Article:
In 1961, Blake was sentenced to forty-two years imprisonment – at the time, the longest sentence in modern British history. He had betrayed all the western spying operations that he knew about to the KGB. This included the names of hundreds of British agents working around the world. About forty of them are believed to have been executed. Blake is reckoned to have done as much damage to British interests as did his Moscow companions Kim Philby and Donald Maclean – perhaps more.
Today, his story is known only to a few experts, and only insofar as anything can be known for certain in the world of deceit that is spying. MI6 has never made its files on him public. Now that the master spy has died, Simon Kuper finally sets the story straight. He unravels who Blake truly was through a combination of personal interviews, research in many languages, and use of almost unseen Stasi archives. His illuminating biography tracks Blake from his beginnings as a teenage courier for the Dutch underground during the Second World War, to his sensational prison-break from Wormwood Scrubs, to his tranquil old age in a dacha outside Moscow, where Kuper caught up with and interviewed him.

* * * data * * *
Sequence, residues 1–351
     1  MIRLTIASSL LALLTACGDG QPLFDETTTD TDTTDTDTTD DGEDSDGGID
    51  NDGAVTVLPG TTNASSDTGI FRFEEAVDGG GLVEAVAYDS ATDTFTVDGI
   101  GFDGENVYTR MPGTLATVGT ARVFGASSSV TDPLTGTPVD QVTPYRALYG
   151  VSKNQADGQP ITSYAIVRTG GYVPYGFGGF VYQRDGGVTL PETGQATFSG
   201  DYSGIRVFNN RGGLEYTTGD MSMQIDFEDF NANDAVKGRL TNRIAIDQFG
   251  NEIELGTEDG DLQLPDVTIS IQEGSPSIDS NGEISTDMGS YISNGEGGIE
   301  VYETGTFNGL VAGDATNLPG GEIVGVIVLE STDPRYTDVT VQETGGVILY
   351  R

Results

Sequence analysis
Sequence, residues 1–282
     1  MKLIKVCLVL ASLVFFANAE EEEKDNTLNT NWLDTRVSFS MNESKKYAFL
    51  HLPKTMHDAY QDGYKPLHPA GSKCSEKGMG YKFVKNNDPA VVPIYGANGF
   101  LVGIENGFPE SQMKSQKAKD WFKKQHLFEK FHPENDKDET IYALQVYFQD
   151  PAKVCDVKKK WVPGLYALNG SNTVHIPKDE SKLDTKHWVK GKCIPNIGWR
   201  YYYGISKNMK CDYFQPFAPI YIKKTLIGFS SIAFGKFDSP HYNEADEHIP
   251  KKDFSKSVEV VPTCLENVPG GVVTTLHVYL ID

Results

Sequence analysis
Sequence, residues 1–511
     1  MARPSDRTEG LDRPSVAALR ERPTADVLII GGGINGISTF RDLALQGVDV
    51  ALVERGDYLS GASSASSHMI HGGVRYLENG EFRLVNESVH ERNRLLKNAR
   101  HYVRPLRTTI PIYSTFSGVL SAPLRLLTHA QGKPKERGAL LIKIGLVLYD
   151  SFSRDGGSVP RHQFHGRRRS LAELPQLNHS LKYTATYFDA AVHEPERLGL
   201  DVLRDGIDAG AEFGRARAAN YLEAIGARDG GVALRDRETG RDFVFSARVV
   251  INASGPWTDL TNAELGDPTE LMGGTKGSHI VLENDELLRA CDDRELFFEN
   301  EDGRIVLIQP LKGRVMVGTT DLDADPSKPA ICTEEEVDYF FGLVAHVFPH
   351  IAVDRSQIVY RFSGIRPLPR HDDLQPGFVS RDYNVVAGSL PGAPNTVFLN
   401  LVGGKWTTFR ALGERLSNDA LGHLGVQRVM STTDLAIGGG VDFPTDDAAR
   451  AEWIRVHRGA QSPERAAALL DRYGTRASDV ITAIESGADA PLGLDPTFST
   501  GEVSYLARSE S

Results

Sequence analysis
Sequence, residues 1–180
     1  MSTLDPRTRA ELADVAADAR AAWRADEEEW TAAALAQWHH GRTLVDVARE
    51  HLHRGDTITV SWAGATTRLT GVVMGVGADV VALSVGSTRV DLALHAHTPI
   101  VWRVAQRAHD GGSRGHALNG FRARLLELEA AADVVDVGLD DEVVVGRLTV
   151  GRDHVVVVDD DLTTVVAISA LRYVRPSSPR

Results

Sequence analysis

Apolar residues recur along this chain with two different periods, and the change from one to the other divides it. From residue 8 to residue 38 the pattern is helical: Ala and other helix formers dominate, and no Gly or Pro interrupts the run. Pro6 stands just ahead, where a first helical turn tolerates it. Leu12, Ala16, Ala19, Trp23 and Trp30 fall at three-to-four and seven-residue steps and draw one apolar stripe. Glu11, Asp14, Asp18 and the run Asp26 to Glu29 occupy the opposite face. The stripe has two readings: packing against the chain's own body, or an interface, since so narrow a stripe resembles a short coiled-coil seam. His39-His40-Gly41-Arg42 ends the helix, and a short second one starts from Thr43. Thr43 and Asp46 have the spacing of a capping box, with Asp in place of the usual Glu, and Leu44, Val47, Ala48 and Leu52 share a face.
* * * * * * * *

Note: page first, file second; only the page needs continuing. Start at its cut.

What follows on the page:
Simon Kuper is a British author and columnist for the Financial Times. He has written for the Times, Observer, Guardian, Le Monde, Spiegel, the New York Review of Books and the Spectator, and writes regularly for the New Statesman and the Dutch press. His previous books include Soccernomics, The Football Men, Football Against the Enemy and Ajax, The Dutch, The War. He lives in Paris.
Kuper says: ‘I went to see him in his dacha in May 2012, expecting just to write an article for a Dutch newspaper. I left several hours later thinking, “This is the most interesting interview I have ever done.” Blake’s life tracks so much of the twentieth century: fighting in the Dutch Resistance, working for the British secret services in World War Two, captivity in North Korea, spying for the KGB, prison in London, an escape so spectacular that Hitchcock spent his last years trying to make a film about it, and then living in Moscow with the reality of communism alongside Kim Philby and Blake’s soulmate, Donald Maclean. No wonder he fascinated John Le Carré. I spent years researching Blake. He charmed and revolted me. I have wrestled with that ambivalence in this book.’
Source: publisher’s website
Included in LKL’s booklist on the strength of NK New’s recommendation:
Blake’s capture by North Koreans as a POW during the height of the Korean War was what ultimately inspired him to cross over to the other side of the Iron Curtain. For that reason, “The Happy Traitor” helps provide context into North Korea’s role during the Cold War and how it operated within such a complicated geopolitical backdrop.